Rising private sector investment and strengthening commodity prices are the correct ingredients that can trigger accelerated economic growth in several Southeast Asian nations in 2017. In a report entitled "Global Economic Prospects: Weak Investment in Uncertain Times", which was released on Tuesday (10/01), the World Bank set its forecast for Indonesia's economic growth at 5.3 percent year-on-year (y/y) in 2017, followed by a 5.5 percent (y/y) growth rate in both 2018 and 2019, up from an estimated growth rate of 5.1 percent (y/y) in 2016.

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  • Moody's Positive about Performance Indonesian Corporations in 2017

    Moody's Positive about Performance Indonesian Corporations in 2017

    Moody's Investors Services, one of the big three credit global rating agencies, expects to see Indonesian companies posting steadily growing corporate earnings in 2017. This projection is supported by Indonesia's accelerating economic growth. After experiencing an economic slowdown in the years 2011-2015, the Indonesian economy is expected to grow 5.2 percent year-on-year (y/y) in 2017, improving from an estimated 5.0 percent (y/y) growth in 2016 and a 4.8 percent (y/y) growth realization in 2015.

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  • Indonesia Needs to Raise Efforts to Escape Middle Income Trap

    Indonesia Needs to Raise Efforts to Escape Middle Income Trap

    In order to escape the middle income trap (and become a high income country), the government of Indonesia needs to raise efforts to enhance the development of an inclusive economy by reforming the education and technology sectors as well as by combating social injustice. With a "business as usual" approach the government will not succeed in escaping this trap, says economist Faisal Basri. Indonesian society is currently highly unfair as 1 percent of the population controls 50.3 percent of the nation's total assets.

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  • Credit Growth in Indonesia: Accelerating in October 2016

    Credit Growth in Indonesia: Accelerating in October 2016

    Credit growth in Indonesia improved in October 2016 after touching a low in the preceding month. In October credit growth in Indonesia was recorded at a pace of 7.4 percent year-on-year (y/y), reaching IDR 4,246.6 trillion (approx. USD $314.6 billion), accelerating from a growth pace of 6.4 percent (y/y) in September. This development is caused by Bank Indonesia's lower interest rates although the victory of Donald Trump in the 2016 US presidential election may have curtailed demand for credit due to the higher degree of uncertainty about future US political and economic policies.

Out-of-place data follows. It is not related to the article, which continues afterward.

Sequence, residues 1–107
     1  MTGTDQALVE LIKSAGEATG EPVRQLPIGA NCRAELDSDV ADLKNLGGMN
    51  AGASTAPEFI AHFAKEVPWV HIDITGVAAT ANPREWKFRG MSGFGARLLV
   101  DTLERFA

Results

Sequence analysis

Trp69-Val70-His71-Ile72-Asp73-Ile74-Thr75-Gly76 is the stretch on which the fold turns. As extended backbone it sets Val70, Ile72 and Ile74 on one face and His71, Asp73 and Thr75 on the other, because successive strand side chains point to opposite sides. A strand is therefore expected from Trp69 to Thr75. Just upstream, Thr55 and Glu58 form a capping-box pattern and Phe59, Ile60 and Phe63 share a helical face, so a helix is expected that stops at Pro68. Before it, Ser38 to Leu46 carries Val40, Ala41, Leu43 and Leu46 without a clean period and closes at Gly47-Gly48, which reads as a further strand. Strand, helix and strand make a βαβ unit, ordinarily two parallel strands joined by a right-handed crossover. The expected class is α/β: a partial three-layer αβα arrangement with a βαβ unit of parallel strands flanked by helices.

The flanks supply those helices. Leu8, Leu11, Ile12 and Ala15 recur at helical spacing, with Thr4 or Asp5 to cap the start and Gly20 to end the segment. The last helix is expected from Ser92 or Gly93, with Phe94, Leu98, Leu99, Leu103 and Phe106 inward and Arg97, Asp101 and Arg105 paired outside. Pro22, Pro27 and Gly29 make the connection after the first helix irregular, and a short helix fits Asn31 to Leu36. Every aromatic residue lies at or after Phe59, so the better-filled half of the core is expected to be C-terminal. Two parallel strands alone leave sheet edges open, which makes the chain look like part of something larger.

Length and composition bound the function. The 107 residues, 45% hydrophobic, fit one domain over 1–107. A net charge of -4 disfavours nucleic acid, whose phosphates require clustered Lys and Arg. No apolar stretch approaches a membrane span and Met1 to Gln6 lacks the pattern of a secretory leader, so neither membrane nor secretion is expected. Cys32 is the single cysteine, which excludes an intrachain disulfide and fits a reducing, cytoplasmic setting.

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Latest Columns GDP

  • Projection for Credit Growth in Indonesia Cut Again

    Projection for Credit Growth in Indonesia Cut Again

    Bank Indonesia cut its projection for credit growth in the nation's banking sector this year from the range of 10 - 11 percent year-on-year (y/y) to 7 - 9 percent (y/y). This downward revision is in line with the central bank's earlier decision to cut its forecast for economic growth from the range of 5.0 - 5.4 percent (y/y) to 4.9 - 5.3 percent (y/y) in 2016. The slightly less rosy outlook is caused by the Indonesian government's decision to cut spending for the remainder of the year, while global economic growth remains subdued.

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  • Bank Indonesia Adopts 7-Day Reverse Repo, Kept at 5.25%

    Bank Indonesia Adopts 7-Day Reverse Repo, Kept at 5.25%

    The central bank of Indonesia kept the BI seven-day reverse repo rate (7-day RR Rate) at 5.25 percent after its two-day August policy meeting (18-19 august 2016). At this policy meeting Bank Indonesia adopted the 7-day RR Rate as the nation's new benchmark monetary tool, replacing the BI rate that failed to influence markets significantly: despite the BI Rate having been cut from 7.50 percent to 6.50 percent so far this year, Indonesia's lending rates did not drop accordingly.

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  • Widodo: Regions Need to Optimize Spending to Boost the Economy

    Widodo: Regions Need to Optimize Spending to Boost the Economy

    A better-than-expected GDP growth figure in the second quarter of 2016 should not be a reason for Indonesia to become complacent. On the contrary, efforts to boost economic growth need to be continued. One of the keys to unlock accelerated economic growth is to optimize spending of government funds at the regional level. Alarmingly, some IDR 214.7 trillion (approx. USD $16.5 billion) of central government funds that are allocated to regional governments in the 2016 state budget are left untouched at bank accounts.